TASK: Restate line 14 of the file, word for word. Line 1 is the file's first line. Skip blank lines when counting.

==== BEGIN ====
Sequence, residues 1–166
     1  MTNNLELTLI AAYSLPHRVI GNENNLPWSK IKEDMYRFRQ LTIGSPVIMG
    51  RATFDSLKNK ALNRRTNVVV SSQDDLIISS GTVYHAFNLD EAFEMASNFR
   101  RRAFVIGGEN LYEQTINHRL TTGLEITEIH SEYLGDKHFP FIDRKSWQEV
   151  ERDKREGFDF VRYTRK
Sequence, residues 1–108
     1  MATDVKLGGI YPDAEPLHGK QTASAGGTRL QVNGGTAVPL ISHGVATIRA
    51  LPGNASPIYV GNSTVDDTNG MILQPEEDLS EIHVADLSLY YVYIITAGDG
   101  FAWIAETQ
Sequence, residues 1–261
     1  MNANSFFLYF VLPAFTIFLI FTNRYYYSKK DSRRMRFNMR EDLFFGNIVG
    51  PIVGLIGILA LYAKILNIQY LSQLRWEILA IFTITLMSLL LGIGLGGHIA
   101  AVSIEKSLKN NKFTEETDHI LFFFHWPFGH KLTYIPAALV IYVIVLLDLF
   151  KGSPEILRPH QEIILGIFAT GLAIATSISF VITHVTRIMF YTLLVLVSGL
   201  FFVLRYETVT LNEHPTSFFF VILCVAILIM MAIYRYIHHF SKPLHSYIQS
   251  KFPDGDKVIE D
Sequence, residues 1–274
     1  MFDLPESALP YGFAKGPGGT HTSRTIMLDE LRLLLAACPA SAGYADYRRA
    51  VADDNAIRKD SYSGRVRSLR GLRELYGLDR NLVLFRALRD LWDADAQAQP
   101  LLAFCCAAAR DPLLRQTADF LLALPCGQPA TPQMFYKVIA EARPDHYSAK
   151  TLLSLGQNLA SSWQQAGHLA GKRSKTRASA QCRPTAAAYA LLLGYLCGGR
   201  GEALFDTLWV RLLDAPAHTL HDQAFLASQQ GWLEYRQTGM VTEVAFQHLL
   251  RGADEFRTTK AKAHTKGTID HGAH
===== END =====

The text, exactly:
   151  KGSPEILRPH QEIILGIFAT GLAIATSISF VITHVTRIMF YTLLVLVSGL